Alois wanted Adolf to follow in his footsteps and become a civil servant for the Austrian government. Adolf, on the other hand, was opposed to it. Building upon the child's instinct to rival the father and a doting mother to protect or console him, Adolf's rebellious attitude toward his father increased. His sister Paula would later state: "When Mother said anything he obeyed, and when Father said anything he was against it."* Adolf admitted to his father that he did not want to follow in his footsteps. The conflict between father and son intensified. "Adolf," his sister also remarked, "challenged my father ... and... got a sound thrashing everyday. He was a scrubby little rogue, and all attempts of father to thrash him for his rudeness and cause him to crave the profession of an official of the state were in vain. How often on the other hand did my mother caress him and try to obtain with her kindness, where the father could not succeed with harshness!"*
Neither mother nor father succeeded for Adolf had other ideas. Adolf's teachers and classmates noticed that he had an above average ability in drawing. He was very adept at drawing geometric or architectural structures. He could amaze his classmates by drawing from memory buildings which they would recognize before he was finished. Some of his early works still survive and show the crude but budding talent of an untrained child. Adolf nourished the idea of becoming an artist. When he revealed this to his father it only aggravated the bad feelings already there.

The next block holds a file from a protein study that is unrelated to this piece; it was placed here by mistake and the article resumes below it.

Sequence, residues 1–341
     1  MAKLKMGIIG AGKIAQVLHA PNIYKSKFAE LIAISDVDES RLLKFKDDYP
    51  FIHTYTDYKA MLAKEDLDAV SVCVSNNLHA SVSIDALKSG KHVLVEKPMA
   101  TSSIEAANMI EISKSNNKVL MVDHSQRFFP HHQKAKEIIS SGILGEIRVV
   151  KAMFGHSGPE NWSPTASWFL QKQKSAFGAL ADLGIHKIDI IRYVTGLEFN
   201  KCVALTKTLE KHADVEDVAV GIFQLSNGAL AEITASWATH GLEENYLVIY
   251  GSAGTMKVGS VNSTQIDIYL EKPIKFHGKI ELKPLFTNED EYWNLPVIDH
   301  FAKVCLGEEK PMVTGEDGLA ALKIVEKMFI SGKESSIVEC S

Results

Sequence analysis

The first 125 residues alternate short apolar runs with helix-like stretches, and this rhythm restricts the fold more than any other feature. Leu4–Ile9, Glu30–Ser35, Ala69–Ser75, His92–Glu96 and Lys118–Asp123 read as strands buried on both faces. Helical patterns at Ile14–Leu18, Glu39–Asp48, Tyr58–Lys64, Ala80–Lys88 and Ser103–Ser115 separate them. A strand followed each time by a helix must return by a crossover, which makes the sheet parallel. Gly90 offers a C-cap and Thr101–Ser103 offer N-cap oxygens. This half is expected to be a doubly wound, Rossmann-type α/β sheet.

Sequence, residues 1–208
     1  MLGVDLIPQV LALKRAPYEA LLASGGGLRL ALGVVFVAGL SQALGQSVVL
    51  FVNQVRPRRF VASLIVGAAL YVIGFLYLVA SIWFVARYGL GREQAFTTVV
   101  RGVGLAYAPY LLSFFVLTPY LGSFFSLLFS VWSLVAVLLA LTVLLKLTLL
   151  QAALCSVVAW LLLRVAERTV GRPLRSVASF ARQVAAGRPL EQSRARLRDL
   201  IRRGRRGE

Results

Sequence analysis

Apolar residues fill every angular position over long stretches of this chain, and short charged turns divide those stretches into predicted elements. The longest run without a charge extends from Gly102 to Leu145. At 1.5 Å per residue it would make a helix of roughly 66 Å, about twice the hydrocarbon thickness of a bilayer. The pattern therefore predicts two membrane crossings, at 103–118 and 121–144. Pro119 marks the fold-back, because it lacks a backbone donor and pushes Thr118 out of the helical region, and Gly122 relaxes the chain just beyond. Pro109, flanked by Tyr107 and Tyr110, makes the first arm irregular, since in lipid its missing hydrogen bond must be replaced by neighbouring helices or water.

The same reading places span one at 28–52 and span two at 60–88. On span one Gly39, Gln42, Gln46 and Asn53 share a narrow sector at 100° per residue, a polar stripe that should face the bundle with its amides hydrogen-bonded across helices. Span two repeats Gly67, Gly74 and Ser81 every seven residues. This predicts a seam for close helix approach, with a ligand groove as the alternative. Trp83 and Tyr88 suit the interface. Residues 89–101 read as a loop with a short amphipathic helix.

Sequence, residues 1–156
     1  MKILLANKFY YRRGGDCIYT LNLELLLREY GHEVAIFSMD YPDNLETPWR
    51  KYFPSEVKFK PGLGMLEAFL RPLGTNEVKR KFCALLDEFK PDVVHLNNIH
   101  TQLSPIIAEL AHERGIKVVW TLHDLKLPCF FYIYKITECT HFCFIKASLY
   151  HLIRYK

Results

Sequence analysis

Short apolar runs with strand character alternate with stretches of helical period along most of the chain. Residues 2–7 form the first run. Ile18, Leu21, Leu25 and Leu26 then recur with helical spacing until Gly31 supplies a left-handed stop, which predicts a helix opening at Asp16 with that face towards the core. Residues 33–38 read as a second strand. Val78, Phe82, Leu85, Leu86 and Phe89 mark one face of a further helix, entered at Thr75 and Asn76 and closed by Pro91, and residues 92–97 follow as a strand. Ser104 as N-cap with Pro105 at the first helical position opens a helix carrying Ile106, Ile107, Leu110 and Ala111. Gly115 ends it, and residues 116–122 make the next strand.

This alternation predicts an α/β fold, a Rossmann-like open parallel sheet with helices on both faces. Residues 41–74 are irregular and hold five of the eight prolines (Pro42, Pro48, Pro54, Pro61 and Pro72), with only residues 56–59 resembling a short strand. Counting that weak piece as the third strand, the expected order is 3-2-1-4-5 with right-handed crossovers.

Caught in that awkward period between the passing of childhood and the coming of adolescence, Adolf still led his Indian braves against the opposing forces. "When we children played 'Red Indians,'" his sister later related, "my brother Adolf was always the leader. All the others did what he told them; they must have had an instinct that his will was stronger."* He learned to throw a lasso and so occasionally switched sides.
During this period Adolf also acquired the habit of reading since his father had a small library. Adolf's mind was fired by the exploits of the Norwegian Arctic explorer and oceanographer, Fridtjof Nansen (1922 Nobel Peace Prize winner), and also the Swedish explorer, Sven Hedin, who had recently traversed the ancient silk routes from Russia, through Tibet to Peking.*
"One Christmas," Hitler would later state, "I was given a beautiful illustrated edition [of Defoe's Robinson Crusoe]." He found it unmatched in "desert-island stories." He also read Don Quixote, Uncle Tom's Cabin, and Gulliver's Travels, all of which he later hailed as "universal works."* His favorite stories, however, were still tales of the American west and he read all he came across.*
One day a friend of Adolf's found him reading Cooper's The Last of the Mohicans. He told Adolf that the "westerns" of Karl May (who lived in Linz around this time)* where much better. Adolf took his advice. May, whose stories of the wild American west won him a huge German audience, soon became his favorite author. He compared May to Jules Verne. "I was carried away," Hitler would later say. "I went on to devour at once the other books by the same author."*